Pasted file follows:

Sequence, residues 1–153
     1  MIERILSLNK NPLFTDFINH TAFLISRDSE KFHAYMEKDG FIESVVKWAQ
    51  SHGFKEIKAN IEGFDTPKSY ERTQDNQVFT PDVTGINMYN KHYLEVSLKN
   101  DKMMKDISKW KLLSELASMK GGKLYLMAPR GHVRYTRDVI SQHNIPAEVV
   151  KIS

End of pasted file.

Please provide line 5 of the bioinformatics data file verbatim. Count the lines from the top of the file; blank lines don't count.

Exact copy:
   151  KIS